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An important and fine original Hiroshige painting showing a view of Mount Fuji from Kisarazu in Chiba Prefecture. Minimalist and very subtle, this is one of the best Hiroshige paintings I have had. The near trees float above bands of mist and clouds hang at the base of Fuji. This is the same view that he used for the design Kazusa Kuroto no ura from the Thirty-Six Views of Fuji published 1858. There is also a drawing in a Hiroshige sketch book in the British Museum. Sumi and very light colour on paper, 49 x 17.75 in; 124.5 x 45 cms. Newly remounted and in fine condition. New box and futo-maki ( thick wooden roll to preserve the painting from damage ). Signed: Kamiusa Kurotonoura no zu Hiroshige ga with Ichiryusai seal.


Status: Sold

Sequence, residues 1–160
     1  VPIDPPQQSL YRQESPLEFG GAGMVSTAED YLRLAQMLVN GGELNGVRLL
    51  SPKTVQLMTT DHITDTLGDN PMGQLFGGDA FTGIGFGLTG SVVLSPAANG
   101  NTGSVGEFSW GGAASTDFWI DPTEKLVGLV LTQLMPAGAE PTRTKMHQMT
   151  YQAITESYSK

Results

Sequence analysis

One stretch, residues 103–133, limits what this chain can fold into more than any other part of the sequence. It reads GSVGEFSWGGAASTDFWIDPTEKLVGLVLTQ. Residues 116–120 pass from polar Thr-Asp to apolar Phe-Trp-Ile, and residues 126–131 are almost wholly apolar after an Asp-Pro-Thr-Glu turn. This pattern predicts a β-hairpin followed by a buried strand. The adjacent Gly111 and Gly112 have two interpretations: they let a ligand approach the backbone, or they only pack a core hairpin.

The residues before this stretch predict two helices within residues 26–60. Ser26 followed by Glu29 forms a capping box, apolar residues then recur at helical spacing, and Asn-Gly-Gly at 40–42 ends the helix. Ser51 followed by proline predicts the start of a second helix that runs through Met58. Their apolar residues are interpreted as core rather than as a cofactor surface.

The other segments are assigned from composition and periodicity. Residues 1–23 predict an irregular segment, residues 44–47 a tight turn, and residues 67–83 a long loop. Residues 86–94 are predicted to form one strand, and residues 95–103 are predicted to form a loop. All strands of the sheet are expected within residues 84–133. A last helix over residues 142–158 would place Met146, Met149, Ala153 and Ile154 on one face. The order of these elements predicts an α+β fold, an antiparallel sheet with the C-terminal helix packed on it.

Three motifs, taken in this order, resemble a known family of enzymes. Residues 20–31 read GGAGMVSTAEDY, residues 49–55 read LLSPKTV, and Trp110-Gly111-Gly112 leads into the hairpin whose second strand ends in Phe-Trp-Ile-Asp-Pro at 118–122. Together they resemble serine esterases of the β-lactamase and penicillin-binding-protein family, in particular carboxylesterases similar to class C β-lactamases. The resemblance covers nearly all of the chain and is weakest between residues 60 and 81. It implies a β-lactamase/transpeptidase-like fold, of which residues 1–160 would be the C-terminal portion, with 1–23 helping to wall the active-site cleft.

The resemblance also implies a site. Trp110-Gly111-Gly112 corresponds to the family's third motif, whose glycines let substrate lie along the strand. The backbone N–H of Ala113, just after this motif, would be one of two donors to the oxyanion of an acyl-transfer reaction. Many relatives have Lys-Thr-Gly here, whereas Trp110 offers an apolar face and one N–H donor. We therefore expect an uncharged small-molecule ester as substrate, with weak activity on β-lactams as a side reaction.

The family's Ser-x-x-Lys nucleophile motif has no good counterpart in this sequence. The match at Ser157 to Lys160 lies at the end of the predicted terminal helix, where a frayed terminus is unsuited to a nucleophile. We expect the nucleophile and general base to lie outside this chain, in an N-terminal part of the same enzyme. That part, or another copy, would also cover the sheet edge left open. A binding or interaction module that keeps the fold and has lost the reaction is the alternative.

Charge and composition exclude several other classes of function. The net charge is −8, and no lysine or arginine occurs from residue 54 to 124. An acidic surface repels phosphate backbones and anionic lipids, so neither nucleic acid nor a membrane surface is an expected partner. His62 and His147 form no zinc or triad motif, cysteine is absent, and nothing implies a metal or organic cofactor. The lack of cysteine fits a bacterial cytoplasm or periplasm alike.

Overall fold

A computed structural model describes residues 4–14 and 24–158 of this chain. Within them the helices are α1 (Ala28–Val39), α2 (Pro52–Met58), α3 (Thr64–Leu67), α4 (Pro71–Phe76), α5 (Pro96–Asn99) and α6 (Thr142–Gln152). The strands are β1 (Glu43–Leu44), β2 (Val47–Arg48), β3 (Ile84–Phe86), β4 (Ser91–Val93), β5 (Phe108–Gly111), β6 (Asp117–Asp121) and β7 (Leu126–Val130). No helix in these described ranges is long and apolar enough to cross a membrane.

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Katsushika HOKUGA (Fl. c 1820s to 1830)




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An original fan painting showing a seated beauty holding a fan. Full colour on mica- covered paper. 6.5 x 18.5 in; 16.5 x 47 cms. Hokuga was a pupil of Hokusai and produced paintings and surimono. Good condition. Laid onto Japanese paper. Signed Hokuga hitsu.


Status: Sold

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Katsukawa SHUNCHO (Fl. c 1780-1801)




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An original painting showing a standing beauty inserting a hairpin. An important print artist who produced many fine diptychs and triptychs. Paintings by him are rare. Studied under Shunsho, then Kiyonaga and Shumman. Full colour on silk, 30.75 x 10.5 in; 78 x 26.5 cms. Signed Shien Shuncho with unread seals.